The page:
We want our games to be accessible to as many people as possible, and for this reason - as well as supporting the open source community - we make sure all our releases run on three platforms: Windows, Linux and OS X.
However, there's actually a bit more behind the scenes than just this, because every build on each platform needs to be either 32bit or 64bit. We'll try to explain the implications of this below, and our choices for each platform.
What 32bit vs 64bit really means
There are many 32bit architectures, but when we say "32 bit architecture", we are generally talking about Intel x86, based on the i386 architecture. However, we also use a number of extensions added in later revisions of the standard (as does almost everyone who builds game software these days), so really we're talking about the i686 architecture, and there are very few x86 computers still around today that don't support at least this standard.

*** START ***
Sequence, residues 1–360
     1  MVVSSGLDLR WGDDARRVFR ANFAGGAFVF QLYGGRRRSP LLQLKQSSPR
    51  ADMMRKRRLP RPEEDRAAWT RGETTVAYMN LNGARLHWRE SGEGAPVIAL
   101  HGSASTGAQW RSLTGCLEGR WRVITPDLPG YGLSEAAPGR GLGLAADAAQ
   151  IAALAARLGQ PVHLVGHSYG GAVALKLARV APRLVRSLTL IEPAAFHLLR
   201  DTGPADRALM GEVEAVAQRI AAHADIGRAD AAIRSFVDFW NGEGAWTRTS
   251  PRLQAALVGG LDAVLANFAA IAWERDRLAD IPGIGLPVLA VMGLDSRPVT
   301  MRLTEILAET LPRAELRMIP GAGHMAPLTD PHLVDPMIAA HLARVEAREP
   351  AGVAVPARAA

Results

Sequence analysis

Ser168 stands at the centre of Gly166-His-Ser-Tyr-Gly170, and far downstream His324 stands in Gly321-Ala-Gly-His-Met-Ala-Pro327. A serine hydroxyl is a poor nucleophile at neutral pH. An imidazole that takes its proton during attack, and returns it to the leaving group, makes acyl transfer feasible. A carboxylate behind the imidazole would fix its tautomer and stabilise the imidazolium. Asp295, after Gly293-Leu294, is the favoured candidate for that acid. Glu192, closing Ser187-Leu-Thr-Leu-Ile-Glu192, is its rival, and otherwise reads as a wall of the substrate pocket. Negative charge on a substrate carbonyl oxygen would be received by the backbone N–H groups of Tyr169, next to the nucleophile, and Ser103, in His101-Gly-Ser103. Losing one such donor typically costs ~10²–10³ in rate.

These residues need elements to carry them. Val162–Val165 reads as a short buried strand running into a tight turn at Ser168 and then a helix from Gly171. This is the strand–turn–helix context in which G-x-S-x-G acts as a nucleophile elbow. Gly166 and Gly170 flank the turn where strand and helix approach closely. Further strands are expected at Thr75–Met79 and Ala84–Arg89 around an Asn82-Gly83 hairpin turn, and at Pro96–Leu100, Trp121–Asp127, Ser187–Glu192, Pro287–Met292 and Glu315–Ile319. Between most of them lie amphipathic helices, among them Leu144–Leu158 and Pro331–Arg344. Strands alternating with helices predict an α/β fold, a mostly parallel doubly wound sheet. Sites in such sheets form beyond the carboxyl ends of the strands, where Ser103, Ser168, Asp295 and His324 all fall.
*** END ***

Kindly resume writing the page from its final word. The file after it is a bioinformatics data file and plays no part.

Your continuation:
When we talk about 64bit architecture, we are referring to amd64, also often referred to as x86_64 - the two terms are interchangeable. CPUs that support the amd64 standard are also universally capable of executing code compiled for i386, but they do perform somewhat faster in 64bit mode due to a number of factors, most notably the additional CPU registers made available by the amd64 standard. That means it's generally preferable to build for amd64 when possible.